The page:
It is very difficult to find out what was happening on the site in later years. The RAF presence dramatically reduced in 1966 when the Balloon Unit moved out and most of the buildings and the HQ was taken over by MOD departments. However the Gas Plant still continued under the RAF but was mostly manned by civilians, it still played a vital role as the gas produced was used by all the UK forces both at home and abroad. It was great therefor to hear from Tim Holland a Design Engineer who worked on a piece of equipment delivered to the site sometime in the 90’s ….
“In my role as Snr Design Engineer for Pennant Training Systems Ltd, Cheltenham I helped engineer a gas plant trainer, simulating the mobile gas plants producing oxygen and nitrogen for aircraft use. I remember helping to install it at Cardington in the early 90's (?) It’s taken a while, but I knew I had a photo somewhere of the trainer but my archives aren’t totally indexed; I found it while searching for something else in the end. The photo is time stamped September 2000 but I suspect it’s a scanned in ‘real’ photo, so dating is difficult. The company went through a few name changes, Pennant Audio Visual was the earliest I remember from the 80’s, it currently Pennant International.
The AT70 (can’t remember what the initials stood for!) was one in a series of panel based trainers we developed for training all sorts of aspects of aircraft systems for basic training, mainly maintenance. Most of them ended up at RAF Halton and Cosford but we did a couple of specials like this and another for Nuclear Electric to train switchgear operations, all based on the same general structure and standard components developed in house.
The one for Cardington was to train in the operation of mobile gas concentrators, which I believe were intended to be used on front line bases to provide oxygen and nitrogen for aircraft maintenance, by extracting the gasses from the air by some devilish process!!
The main panel shows the process of the concentration; all the lines lit up by moving LEDs showing flow, valves open and shut and pressures. The angled panel shows the variable controls that allow opening and closing all the system valves. The hardware was, I think based on industrial PC with loads of input and output cards for the switches and indicators.
I wasn’t involved in the theory of operation of the simulation, but developed the hardware to let the computer read all those knobs, light the lights and read the switches.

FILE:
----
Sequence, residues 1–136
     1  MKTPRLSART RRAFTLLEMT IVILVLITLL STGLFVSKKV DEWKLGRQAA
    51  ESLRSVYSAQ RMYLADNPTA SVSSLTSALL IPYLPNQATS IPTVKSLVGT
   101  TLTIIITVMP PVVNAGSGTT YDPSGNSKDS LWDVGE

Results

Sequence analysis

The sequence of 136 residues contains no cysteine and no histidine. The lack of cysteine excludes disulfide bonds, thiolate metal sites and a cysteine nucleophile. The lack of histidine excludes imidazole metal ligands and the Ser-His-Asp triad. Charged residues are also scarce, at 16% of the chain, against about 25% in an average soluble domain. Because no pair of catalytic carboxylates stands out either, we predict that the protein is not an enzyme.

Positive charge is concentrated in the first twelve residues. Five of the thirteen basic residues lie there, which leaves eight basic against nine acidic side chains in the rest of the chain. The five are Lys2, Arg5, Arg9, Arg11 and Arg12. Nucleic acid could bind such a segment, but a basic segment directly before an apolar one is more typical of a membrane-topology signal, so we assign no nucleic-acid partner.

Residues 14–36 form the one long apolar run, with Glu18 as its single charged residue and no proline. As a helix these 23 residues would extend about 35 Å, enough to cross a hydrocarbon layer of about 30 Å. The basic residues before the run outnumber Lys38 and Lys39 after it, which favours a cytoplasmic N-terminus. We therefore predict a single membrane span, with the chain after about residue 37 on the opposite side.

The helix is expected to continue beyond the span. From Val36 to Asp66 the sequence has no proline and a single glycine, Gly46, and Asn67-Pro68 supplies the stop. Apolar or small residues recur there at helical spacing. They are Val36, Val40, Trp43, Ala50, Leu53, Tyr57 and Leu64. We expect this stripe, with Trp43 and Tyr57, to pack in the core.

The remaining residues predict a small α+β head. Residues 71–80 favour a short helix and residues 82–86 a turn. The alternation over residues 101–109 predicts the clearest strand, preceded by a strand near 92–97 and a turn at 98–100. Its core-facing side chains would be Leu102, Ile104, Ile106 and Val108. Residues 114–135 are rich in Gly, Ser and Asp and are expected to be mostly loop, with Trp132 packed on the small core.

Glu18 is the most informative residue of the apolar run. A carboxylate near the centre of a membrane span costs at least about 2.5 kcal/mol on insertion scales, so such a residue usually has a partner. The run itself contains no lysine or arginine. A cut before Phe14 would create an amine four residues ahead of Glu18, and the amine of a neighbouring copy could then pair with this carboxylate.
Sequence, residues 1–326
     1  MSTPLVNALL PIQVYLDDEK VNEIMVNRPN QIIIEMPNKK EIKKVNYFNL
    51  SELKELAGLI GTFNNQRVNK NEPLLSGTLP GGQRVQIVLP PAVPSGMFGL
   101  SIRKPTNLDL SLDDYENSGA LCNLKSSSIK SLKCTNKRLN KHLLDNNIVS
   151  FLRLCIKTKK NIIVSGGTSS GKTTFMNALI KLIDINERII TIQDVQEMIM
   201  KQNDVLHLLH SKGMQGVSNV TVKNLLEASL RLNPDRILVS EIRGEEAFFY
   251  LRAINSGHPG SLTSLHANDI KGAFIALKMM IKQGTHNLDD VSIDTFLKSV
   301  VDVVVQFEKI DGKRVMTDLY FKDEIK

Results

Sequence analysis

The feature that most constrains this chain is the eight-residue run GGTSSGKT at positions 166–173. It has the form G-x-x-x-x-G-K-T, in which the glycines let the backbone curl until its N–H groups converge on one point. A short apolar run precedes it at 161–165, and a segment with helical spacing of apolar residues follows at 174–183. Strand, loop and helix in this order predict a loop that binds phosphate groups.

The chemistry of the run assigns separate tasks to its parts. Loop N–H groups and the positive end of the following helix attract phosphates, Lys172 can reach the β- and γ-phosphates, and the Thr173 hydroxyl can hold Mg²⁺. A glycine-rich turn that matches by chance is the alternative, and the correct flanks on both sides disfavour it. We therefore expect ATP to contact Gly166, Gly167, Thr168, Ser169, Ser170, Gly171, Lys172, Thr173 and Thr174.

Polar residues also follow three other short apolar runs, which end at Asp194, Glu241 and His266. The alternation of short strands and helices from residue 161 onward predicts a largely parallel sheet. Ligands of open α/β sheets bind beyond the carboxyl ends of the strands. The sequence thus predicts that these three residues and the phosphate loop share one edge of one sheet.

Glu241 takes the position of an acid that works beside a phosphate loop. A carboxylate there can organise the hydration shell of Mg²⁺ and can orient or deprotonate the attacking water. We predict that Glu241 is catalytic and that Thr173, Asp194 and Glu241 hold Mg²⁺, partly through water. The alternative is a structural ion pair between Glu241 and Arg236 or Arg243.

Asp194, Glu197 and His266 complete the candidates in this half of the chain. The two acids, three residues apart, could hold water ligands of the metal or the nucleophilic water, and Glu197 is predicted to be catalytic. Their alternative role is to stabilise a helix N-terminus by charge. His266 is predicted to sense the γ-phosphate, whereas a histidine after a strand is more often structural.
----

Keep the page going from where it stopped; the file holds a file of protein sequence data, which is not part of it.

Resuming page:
My only visit to Cardington was to do a repair.. which I can’t remember, and all those RAF stations all had a very similar look! Most of the time a call out was because the simulation didn’t quite do what the real thing did under a specific set of circumstances; or the instructor had miss remembered a step.
All the trainers had self-tests so you could verify that each switch and dial and lamp was being driven by the computer correctly, so either the software was broke.. unlikely... or it was ‘finger problem’. But that would at least show the hardware, my side, was doing what it should and I could get back home and let the softies sort out the problem.
As for security and the rest of the site, I’m afraid I’ve no memory; it was an early start out from Cheltenham, fix the problem and drive back, grabbing a meal on the way home. These days they have a whole department to deal with maintenance! Most of the time there was no maintenance contract so any visits were ad hoc, and I must say the equipment was pretty reliable. What happened to it I’d love to know; there’s one of my Lynx helicopter trainers at the Middle Wallop museum now!! ”
Many thanks to Tim for giving us this insight. - Jane. Sept 2020.
Tim Holland - a visitor to RAF Cardington in the 90's.
The old Station HQ commonly known as the Shorts Building in 2019 on the day of the unveiling of the memorial stone to RAF Cardington in May 2019. The building is now home to a childrens centre and a small number of office units on the ground floor and private apartments on the upper floors
Shown above the trainer that Tim helped to design
The back of the modernised station HQ is shown to the right with the new Shortstown Lower School opened in 2013 adjacent.